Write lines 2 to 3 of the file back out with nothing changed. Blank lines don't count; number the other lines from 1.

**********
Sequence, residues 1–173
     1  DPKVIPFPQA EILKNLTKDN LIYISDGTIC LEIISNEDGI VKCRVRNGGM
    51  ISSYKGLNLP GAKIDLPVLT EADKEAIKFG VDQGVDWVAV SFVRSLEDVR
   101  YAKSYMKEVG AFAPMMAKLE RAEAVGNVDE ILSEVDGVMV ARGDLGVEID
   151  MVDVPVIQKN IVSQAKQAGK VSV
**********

     1  DPKVIPFPQA EILKNLTKDN LIYISDGTIC LEIISNEDGI VKCRVRNGGM
    51  ISSYKGLNLP GAKIDLPVLT EADKEAIKFG VDQGVDWVAV SFVRSLEDVR